4th October 2010 – FEATURED in Bug Hunt
My Celtis africana full of spring buds
Spring fever and summer madness happen on a smallholding over-night! The one minute you’re still in the grip of ice cold frost and the next minute the first rains have fallen and everything is blossoming and needs to be cut or trimmed, dug over and fertilized and everything hatches or gets born at the same time.
The Goslings rushing out for a snack
Calves are frolicking in the field and the ducks and geese are busy leading their ducklings and goslings through the garden on a never-ending search for insects and tasty buds (including the newly-planted seedlings in the bed borders!).
The Koi fish are also spawning in the pond and thousands of tadpoles have hatched to the prior songs of their parents, lullabying us to sleep every night – there is no sound like water bubbling over the waterfall and frogs serenading one another at night to put you into a peaceful state of sleep, awaking fresh and raring to go early the next morning.
Dragonflies appear out of nowhere and, provided your pond water is healthy and passes their inspection, lay their eggs in the water, and the next generation lives as Naiads (dragonfly nymphs) under the water for the next couple of months until they crawl out of the water onto some tall plants, shed their nymph bodies and emerge as the spectacular dragonfly, once again claiming their territory as their parents did before them. You would never know from the beauty of the dragonfly (although they are known as fearsome predators), what voracious little predators the Naiads are – they feed on a wide variety of aquatic insects, such as mosquito larvae, other aquatic fly larvae, mayfly larvae, and freshwater shrimp. They will also eat very small fish and tadpoles. They are deadly if you have small fry in your pond and can make a meal of several a day. I myself have suffered under their attack when unsuspectingly poking my fingers around underwater and getting a fearsome nip for my efforts!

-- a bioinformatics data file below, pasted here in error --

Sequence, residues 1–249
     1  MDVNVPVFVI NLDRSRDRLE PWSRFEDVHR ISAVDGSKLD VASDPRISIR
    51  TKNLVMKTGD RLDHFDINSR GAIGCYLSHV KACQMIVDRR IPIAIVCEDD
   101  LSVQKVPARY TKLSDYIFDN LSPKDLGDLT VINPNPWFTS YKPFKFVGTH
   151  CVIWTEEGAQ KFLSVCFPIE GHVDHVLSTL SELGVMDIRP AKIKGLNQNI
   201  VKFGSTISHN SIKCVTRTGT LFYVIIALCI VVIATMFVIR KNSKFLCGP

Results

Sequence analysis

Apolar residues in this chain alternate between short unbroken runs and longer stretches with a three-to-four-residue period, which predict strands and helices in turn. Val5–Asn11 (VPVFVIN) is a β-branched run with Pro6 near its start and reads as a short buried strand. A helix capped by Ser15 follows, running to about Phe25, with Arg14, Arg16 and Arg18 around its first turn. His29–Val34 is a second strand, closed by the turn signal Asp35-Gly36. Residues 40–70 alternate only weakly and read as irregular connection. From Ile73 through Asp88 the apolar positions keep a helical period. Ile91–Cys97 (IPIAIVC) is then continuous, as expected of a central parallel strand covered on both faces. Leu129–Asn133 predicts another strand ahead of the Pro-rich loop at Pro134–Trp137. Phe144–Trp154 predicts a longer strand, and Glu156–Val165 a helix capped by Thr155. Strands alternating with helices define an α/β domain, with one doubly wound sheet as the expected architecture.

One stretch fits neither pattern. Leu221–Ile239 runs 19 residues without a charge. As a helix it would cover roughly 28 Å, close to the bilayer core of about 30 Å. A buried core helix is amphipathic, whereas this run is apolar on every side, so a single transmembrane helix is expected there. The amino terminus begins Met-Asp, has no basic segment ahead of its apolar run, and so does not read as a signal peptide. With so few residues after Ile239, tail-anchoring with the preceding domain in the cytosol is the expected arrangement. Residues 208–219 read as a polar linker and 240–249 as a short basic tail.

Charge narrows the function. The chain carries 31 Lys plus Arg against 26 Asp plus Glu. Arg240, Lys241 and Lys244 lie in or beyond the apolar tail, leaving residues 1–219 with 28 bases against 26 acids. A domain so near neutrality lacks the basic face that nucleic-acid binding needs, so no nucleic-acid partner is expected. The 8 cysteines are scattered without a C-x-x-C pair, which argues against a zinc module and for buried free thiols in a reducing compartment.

Picture of the shed skin of the voracious little Naiad after the Dragonfly has emerged.
Pic from PBase galleries
People once believed that dragonflies were able to “sew up” a persons lips or ears! This may be the reason why some dragonflies are called “darners”; a “darner” is also a kind of knitting needle.
But now also starts the never-ending fight with the moles, leaving fresh mounds of earth all over your freshly-mowed , immaculate lawn. Our smallholding is totally poison-free, so every home remedy and alternative method for eradicating pests has been tried and tested, from 2L bottles of water lying on the lawn to loud music being pumped down the tunnels to hose pipes filling the tunnels with water (with the assumption that the wet and noisy conditions will be too uncomfortable for them to bear and they will therefore surface on the OTHER side of the wall, outside the garden). Alternatively, one succumbs to the daily mounds of fresh earth, raking them down and all over the lawn as a top soil treatment.
Mr Rat Mole, a most unwelcome visitor! He wasn’t pleased when he realised there was no escape from this bucket and I do apologise for the blurry pic, but he wouldn’t stop moving and jumping about (12 shots later!) as he was convinced that there was some enemy close-by that he had to defend himself against!
As far as moles are concerned, the Golden Mole is a welcome visitor, as he is carnivorous and eats all the cut worm and other harmful insects, whereas the Rat Mole is the one being chased from pillar to post for his habit of eating the bulbs and roots of everything in his path … but what a wonderful sight to see a mole surfacing at night, grunting and scratching around under the safe cover of darkness (or so he thought!) until he is swiftly scooped into a bucket (those teeth are lethal!) and released the next morning far away enough to, hopefully, not find his or her way back again (and after much soul-searching and worrying about any possible babies that might be left behind and abandoned, common sense prevailed and hearts were hardened and the thought swept out of our minds in favour of a mole-free garden.)
Snakes are treated with similar love and attention, being caught and released in a far-away, safe environment or, in the case of a Mole snake or Brown House snake, being left to their own devices, as rats can be a big problem on smallholdings with all the food being served up for ducks, geese, chickens, etc.
And so summer, and the life-cycle of a smallholding, starts once again!
The ramblings of a nature lover living on her little piece of African soil – 8.5ha smallholding in Tarlton, Gauteng, South Africa